The majority (49/67) of the identified proteins were detected under all growth conditions tested although their relative amounts within each sample were different depending on the growth substrate. Based on weighted NSAF data, the 20 most abundant proteins were similar across all the substrates containing crystalline cellulose, but not during growth on Z-Trim® or cellobiose (Figure 4). It appears that the cellulosomal proteins follow the 10–60 or 20–80 law, i.e., the top 10 or 20 most abundant proteins (based on weighted NSAF) account for 60% or 80% of the total cellulosomal protein fraction, respectively. The exoglucanase CelS had the highest spectral abundance under all growth conditions including cellobiose. However, this is in contrast to a previous study which reported xylanases as the most abundant components in cellobiose-grown cellulosomes [31]. This may be due to differences between the NSAF approach that we used and the Protein Abundance Index method used by Gold and Martin.

Quantitative Proteomics

Relative quantitative expression data for the cellulosomal proteins during growth on pretreated switchgrass and other biomass carbohydrates, as compared to growth on cellulose, are reported in Figures 5, ,6.6. The abundance ratios in quantitative expression data were normalized based on the CipA protein to look at changes in expression of the cellulosomal proteins on per scaffoldin basis across the different growth conditions. The comparison between 14N and 15N labeled cellulose-grown cellulosome samples served as a control to evaluate biological and technical reproducibility of cellulosomal protein expression analysis and to determine criteria for differential expression. Based on this comparison, proteins with their relative log2 abundance ratios greater than 0.4 or less than −0.4 and confidence intervals excluding 0 were considered as significantly differentially expressed.

On average, 49 proteins were quantified in each of the seven comparisons for the different growth substrates (Figures 5, ,6).6). Cellulosome samples isolated from cultures grown on cellobiose, amorphous cellulose (Z-Trim®) and pretreated switchgrass showed the most distinct differences in cellulosomal protein levels (as compared to crystalline cellulose) with 40 (78%), 28 (56%) and 25 (61%) of the quantitated proteins, respectively, showing significant differential expression (Figures 5, ,6).6). Relatively fewer proteins (13–15) were differentially expressed in the case of cellulosomes isolated from cultures grown on cellulose in combination with xylan or pectin, or both. The control comparison between 14N and 15N cellulose-grown cellulosome samples showed minimal technical and biological variability in cellulosomal protein expression with only 6 of the quantified proteins with significant differential expression based on the criteria described above.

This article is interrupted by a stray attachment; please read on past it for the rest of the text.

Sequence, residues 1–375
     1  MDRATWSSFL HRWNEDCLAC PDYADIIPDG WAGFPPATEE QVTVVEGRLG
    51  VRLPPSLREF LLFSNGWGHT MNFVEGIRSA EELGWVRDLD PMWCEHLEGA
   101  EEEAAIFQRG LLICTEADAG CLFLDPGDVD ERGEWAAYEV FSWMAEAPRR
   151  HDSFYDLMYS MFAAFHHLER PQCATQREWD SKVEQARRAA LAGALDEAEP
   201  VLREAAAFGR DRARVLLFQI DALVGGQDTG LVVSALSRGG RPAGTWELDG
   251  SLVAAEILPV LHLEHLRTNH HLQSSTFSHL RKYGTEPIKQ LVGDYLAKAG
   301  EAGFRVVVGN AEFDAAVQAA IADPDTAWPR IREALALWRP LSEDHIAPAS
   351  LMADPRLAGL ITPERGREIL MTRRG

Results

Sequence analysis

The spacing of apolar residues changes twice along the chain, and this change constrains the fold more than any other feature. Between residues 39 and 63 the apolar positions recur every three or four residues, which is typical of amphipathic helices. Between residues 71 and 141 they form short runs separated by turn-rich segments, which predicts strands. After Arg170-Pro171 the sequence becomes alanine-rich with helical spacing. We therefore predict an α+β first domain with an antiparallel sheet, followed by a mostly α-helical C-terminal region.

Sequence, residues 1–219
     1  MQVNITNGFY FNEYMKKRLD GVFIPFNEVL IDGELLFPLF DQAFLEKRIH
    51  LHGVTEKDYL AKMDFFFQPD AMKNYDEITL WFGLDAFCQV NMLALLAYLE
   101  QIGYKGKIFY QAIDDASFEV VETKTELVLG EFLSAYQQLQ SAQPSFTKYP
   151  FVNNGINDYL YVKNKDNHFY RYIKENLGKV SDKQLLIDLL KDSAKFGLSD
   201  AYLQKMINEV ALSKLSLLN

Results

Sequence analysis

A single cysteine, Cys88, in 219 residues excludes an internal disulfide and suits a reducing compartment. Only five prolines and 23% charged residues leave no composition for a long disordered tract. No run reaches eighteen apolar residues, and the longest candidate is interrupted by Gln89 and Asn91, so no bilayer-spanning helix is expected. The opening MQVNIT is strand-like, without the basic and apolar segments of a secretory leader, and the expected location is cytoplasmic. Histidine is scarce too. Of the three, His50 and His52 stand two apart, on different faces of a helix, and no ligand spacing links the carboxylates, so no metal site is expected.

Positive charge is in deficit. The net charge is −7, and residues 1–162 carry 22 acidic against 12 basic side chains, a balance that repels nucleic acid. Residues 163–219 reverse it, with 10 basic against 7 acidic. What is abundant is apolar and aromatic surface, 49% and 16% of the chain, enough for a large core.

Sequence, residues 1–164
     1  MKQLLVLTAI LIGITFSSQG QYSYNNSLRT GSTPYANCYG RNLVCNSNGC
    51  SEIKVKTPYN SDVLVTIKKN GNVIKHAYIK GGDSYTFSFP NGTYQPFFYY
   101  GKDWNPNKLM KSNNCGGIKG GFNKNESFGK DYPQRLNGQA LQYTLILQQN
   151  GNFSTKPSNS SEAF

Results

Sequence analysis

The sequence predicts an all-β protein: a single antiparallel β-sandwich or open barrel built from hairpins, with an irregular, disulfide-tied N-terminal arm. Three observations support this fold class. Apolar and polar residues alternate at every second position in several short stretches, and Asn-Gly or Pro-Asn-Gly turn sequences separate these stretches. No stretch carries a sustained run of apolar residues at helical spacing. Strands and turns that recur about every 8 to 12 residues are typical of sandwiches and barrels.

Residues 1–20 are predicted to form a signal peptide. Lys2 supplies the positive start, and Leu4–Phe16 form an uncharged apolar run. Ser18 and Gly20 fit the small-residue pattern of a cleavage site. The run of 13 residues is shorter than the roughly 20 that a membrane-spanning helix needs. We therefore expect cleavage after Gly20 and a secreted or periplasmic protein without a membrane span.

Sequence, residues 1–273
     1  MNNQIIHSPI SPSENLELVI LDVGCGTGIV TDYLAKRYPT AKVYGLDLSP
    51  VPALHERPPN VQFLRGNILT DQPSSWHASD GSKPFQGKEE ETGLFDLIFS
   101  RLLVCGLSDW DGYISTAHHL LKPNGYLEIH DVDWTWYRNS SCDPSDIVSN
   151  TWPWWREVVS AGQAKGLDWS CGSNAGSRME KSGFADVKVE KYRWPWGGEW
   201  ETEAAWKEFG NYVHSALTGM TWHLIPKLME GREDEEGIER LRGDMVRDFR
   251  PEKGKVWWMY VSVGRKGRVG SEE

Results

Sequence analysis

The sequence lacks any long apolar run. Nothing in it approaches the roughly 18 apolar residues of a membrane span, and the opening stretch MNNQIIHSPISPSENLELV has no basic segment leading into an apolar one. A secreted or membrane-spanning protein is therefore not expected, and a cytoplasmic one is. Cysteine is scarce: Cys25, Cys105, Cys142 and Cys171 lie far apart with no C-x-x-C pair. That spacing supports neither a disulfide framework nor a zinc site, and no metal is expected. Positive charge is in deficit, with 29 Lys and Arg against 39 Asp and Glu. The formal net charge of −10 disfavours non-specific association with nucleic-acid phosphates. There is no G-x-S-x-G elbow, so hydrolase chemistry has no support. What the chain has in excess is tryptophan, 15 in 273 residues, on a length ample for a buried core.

Grouping the proteins based on their structural function or catalytic activity identified growth substrate-related trends in cellulosomal protein expression for structural proteins, exoglucanases, endoglucanases belonging to GH5 and GH9 families, xylanases, and other hemicellulases, as outlined below.

Structural Proteins

All known proteins containing type I and type II cohesin (Coh I, Coh II) modules in C. thermocellum (see Figure 1) were detected in this study, including two proteins, Cthe0452 and Cthe0735, that have not been observed experimentally prior to this study.

Among the Coh I containing proteins, OlpA (with 1 Coh I domain) has been suggested to play an intermediary role in the assembly of the cellulosome complex by binding the catalytic units prior to their transfer and assembly on the scaffoldin CipA (Figure 1) [52], 53. Another protein with a single Coh I, Cthe0452, was detected with significantly higher weighted-NSAF than OlpA (Figure 4) under all growth conditions. This observation may suggest a yet unknown but potentially important role for this protein in the cellulosome assembly process, as has been hypothesized for OlpA. We also observed increased expression of the Cthe0452 protein during growth on cellobiose (Figures 5, ,6),6), as compared to cellulose-grown cellulosomes, in our quantitative proteomics analysis. This may be related to a similar pattern in expression observed for Cthe435, a subunit of unknown function, as the dockerin module on the latter is known to interact specifically with the cohesin on Cthe0452 (Carlos Fontes, personal communication).